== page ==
Archive for the ‘Behind the Scenes’ Category

Tuesday
November 26

Just one week in Honduras changed her whole future

By Alessandra Forero

Chelsea Higgins works alongside fellow students at the children's "charla," she created in Honduras with the Global Medical Brigades.

Just a year ago sophomore, Chelsea Higgins, an anthropology major following a pre-medical track, came to Boston University not as an aspiring doctor but as a neuroscience major. But after spending a week in Honduras with the BU Global Medical Brigades, Chelsea’s entire perception about global medicine changed.

Working in Honduras alongside other students from BU, Chelsea held hands with the children she was helping and cared for women who’d never had a personal medical consultation. The goal of the trip was to offer medical assessments, dental screenings and free medication to both adults and children in the region who did not have access to healthcare.

It took just one semester at Boston University to prepare for her life-changing trip. Chelsea and a small group of BU students took the initiative to raise the funds needed through empowered.org to travel to Honduras. Also before her trip, she designed a curriculum for a children’s “charla,” meaning “chat” in Spanish. Chelsea created this curriculum, which included skits, songs and dances, as a way to have a fun and educational conversation with children about everyday dental hygiene.

Through her time in Honduras Chelsea realized she wanted to study a major that incorporated cultural sensitivity and awareness into the medical world. Upon returning to BU, she switched her major to anthropology to help address some of the challenges she saw her clients facing.

One of the greatest challenges she observed while in Honduras, which was also one of her favorite learning experiences, “was understanding Honduran perspectives and ideals while trying to assist patients. Recognizing the patient’s point of view is equally as important as supplying the medication,” she said.

While Chelsea enjoyed learning about medicine and volunteering at the clinic, her favorite part of the trip was interacting with the Honduran people. “Because I speak Spanish, I was able to have long conversations with locals and learn so much about the challenges not just the patients, but their country is facing, such as illegal immigration or drug trafficking. I learned, without the slant of the media, what these people really see and how that affects their medical needs.”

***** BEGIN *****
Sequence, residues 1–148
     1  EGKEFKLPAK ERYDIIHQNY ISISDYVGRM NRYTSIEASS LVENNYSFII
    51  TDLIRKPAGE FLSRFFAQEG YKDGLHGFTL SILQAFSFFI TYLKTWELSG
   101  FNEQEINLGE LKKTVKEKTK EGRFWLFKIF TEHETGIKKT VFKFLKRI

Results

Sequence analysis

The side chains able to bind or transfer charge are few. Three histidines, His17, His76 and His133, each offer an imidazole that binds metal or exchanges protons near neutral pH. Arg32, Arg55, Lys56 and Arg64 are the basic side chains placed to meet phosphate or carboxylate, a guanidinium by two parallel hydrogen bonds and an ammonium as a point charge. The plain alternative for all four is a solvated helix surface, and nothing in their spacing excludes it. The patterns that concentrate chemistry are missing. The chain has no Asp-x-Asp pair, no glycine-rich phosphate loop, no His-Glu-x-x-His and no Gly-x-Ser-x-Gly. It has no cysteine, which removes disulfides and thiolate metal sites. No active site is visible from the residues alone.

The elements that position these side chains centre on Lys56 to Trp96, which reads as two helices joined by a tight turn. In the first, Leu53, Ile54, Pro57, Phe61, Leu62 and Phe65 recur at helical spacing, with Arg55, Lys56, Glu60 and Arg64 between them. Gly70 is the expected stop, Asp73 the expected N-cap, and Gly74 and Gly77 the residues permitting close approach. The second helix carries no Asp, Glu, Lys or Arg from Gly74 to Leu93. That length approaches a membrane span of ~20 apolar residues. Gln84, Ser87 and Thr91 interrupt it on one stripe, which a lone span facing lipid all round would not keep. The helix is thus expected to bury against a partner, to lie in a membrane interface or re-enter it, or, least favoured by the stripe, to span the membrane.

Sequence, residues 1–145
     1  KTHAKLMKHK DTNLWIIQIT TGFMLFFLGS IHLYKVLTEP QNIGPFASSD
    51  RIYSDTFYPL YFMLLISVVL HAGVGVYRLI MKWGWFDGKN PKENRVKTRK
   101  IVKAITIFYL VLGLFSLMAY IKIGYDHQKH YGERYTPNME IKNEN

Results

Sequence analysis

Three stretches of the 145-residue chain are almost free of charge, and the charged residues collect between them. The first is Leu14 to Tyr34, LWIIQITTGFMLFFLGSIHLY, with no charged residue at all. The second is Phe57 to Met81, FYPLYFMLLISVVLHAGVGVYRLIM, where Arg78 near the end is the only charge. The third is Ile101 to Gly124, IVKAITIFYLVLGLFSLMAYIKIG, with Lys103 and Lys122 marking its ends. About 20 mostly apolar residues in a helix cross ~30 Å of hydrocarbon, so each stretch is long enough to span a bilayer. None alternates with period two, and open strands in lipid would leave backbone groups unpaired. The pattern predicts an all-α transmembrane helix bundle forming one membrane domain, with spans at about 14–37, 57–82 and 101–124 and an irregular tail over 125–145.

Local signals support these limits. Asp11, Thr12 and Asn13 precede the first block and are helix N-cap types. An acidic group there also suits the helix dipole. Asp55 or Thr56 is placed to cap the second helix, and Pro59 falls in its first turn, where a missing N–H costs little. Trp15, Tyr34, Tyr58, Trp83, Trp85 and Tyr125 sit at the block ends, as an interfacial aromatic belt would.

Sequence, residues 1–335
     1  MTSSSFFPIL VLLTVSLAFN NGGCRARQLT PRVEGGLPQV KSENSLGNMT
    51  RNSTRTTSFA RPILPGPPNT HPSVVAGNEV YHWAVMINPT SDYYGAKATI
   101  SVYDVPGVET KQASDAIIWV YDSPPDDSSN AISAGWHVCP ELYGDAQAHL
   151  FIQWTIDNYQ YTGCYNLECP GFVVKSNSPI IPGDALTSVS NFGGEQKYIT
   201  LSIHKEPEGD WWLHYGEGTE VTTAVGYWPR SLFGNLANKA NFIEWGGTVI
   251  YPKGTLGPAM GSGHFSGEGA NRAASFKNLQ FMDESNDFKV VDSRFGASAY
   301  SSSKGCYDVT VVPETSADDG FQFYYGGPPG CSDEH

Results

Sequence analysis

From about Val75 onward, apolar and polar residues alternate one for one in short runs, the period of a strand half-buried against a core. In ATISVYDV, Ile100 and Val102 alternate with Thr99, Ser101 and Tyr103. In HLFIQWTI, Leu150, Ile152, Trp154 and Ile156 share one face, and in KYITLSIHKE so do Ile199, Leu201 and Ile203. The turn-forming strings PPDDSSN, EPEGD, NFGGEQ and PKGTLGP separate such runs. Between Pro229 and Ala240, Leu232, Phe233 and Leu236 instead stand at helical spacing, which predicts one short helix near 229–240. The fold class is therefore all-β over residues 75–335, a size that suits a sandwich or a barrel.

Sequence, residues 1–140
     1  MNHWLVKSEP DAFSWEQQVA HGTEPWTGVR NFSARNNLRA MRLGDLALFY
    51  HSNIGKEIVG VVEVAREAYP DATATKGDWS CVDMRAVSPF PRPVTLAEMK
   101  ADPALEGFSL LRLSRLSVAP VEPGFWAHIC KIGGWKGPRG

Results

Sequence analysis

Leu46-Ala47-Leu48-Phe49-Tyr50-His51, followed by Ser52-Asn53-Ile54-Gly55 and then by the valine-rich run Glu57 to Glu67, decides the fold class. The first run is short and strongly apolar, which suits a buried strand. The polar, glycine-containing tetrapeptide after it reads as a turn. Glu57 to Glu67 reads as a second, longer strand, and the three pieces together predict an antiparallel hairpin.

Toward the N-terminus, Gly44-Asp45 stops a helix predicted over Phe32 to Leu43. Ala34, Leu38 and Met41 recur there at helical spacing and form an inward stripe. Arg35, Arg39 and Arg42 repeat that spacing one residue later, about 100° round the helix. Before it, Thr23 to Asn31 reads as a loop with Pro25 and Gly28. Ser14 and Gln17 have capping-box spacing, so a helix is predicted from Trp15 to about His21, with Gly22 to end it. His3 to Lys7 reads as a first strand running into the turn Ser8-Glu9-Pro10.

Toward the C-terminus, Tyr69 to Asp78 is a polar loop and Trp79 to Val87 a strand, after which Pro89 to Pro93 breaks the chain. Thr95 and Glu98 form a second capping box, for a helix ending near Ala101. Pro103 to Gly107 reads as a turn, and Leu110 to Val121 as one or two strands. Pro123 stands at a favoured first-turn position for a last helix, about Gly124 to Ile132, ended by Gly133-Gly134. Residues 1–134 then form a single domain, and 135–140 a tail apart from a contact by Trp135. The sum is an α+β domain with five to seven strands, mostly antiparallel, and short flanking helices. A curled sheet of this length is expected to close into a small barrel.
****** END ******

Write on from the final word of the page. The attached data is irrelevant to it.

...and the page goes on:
While she was passionate and proud of her volunteer experience in Honduras, Chelsea shared her realization, “You can’t fix it all in four days, it’s a long process. It takes a tremendous amount of commitment over many years. That only pushed me more to want to pursue global medicine for my future.”

When asked to give her best advice to aspiring medical students, Chelsea said, “Do the pre-med track and major in something you enjoy, something you are passionate about.”

Boston University encourages pre-medical and pre-dental students to create their own undergraduate pathway, as they work toward their intended career, through whichever major they desire. Many BU students major in traditional programs, such as biology or biomedical engineering, while others branch out and explore majors as varied as international relations, psychology, or economics – all while still pursuing a medical degree.

This semester Chelsea is back at BU hoping to use her larger humanitarian perspective on medicine and love for working with people to keep pushing herself in global medicine.

For Chelsea, the choice to come to Boston and attend BU was the first step in breaking out of her comfort zone and experiencing new things through academics, her experience in Honduras, and the people she has met along the way.

“BU has pushed me outside my comfort zone like I never had expected it would. It was a combination of all these things that lead me to see a future in global medicine that would have seemed out of reach in the past. I’m encouraged by watching my peers break boundaries in their fields of interest, which continuously inspires me to do the same,” she said.